Gulliver's Travels by Jonathan Swift

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Part III, Chapters 10-11: Summary and Analysis

New Characters:
Struldbruggs: immortal Laggnagians who lack eternal youth and are therefore unable to do much or remember anything.

Emperor of Japan: suspects Gulliver of being a Christian after he refuses to trample on a crucifix.

At Luggnag, Gulliver is told that some people born there are Struldbruggs or Immortals. Gulliver is, at first, impressed by the idea of people who live forever and are therefore able to bring the experience of the ages to each generation. Then he discovers that they have only eternal life and not eternal youth, and are thus unable to do much or remember anything. They are despised and hated, having to be supported at public expense.

Gulliver finally travels to Japan, where he is told that, like the Dutch who trade with the Japanese, he has to publicly trample on a crucifix in order to be allowed to leave. With some difficulty, he is exempted from this requirement, although this exemption has to be kept secret from the Dutch. The Japanese Emperor suspects Gulliver of being a Christian. Gulliver passes as a Dutchman, and he goes to the Netherlands on a Dutch ship. From there he returns to England, finding his family in good health.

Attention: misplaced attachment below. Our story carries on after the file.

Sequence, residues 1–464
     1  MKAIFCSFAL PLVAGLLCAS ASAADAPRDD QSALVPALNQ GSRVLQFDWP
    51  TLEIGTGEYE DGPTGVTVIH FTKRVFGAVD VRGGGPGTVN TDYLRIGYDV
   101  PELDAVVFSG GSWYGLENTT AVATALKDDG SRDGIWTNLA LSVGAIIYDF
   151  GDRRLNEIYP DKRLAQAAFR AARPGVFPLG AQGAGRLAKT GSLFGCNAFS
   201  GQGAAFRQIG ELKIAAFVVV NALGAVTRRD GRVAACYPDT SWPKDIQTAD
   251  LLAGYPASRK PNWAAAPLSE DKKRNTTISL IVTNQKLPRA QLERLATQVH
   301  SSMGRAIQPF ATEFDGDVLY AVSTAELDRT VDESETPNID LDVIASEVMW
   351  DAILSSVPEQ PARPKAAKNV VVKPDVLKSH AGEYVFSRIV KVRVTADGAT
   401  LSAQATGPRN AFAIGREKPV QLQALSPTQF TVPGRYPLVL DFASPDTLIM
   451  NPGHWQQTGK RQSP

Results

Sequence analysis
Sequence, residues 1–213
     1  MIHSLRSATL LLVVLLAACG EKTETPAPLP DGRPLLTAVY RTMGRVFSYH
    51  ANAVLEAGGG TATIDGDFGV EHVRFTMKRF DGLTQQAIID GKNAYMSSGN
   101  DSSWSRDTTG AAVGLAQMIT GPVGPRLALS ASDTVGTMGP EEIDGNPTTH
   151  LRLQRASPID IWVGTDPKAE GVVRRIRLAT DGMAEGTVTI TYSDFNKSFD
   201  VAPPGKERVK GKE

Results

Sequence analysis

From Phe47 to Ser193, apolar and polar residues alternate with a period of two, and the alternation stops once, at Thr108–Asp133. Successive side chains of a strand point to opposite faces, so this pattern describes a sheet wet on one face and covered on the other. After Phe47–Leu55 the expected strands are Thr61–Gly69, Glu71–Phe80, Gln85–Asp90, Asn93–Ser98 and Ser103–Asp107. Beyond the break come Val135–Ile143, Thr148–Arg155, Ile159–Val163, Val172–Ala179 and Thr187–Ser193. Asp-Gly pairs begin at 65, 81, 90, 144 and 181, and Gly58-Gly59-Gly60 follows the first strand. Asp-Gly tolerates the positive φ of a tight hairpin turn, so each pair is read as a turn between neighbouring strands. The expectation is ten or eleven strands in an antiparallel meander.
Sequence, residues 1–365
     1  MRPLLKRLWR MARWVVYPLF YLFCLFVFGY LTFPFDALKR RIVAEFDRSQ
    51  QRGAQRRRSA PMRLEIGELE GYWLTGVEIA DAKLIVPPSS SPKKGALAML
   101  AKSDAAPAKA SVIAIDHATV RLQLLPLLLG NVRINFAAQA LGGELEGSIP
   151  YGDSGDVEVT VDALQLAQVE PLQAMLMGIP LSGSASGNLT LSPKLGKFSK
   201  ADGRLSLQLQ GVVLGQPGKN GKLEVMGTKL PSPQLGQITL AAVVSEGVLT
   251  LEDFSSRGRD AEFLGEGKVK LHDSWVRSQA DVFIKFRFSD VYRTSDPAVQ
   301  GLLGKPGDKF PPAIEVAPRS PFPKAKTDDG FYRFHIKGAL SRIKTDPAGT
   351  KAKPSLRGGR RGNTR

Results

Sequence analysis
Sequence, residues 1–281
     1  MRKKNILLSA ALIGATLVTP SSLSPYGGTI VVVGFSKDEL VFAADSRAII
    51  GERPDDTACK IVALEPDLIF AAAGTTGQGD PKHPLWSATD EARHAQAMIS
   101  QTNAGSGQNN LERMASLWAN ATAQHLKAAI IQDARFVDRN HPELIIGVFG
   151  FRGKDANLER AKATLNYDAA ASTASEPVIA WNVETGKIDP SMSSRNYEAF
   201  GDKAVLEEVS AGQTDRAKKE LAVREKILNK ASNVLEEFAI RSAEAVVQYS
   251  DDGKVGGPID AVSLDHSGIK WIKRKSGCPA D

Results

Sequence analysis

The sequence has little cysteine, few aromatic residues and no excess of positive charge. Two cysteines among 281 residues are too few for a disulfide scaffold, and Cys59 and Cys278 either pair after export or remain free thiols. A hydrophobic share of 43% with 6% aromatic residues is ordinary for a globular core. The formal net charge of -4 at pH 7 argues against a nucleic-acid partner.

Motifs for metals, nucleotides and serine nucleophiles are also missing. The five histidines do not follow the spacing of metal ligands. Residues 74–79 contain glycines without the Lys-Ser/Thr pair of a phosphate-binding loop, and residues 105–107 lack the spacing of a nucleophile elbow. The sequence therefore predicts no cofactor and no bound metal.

The Struldbruggs disappoint Gulliver by having eternal life and not eternal youth, defeating what Gulliver thinks would be the very purpose of immortality. Gulliver is satirizing travelers’ tales about immortals by using a very old theme from Greek mythology, eternal life without eternal youth. Swift himself, it should be remembered, was almost sixty when Gulliver’s Travels was written. Gulliver is depicted as naive in thinking that the Struldbruggs have eternal youth as well as eternal life. To...

(The entire section is 426 words.)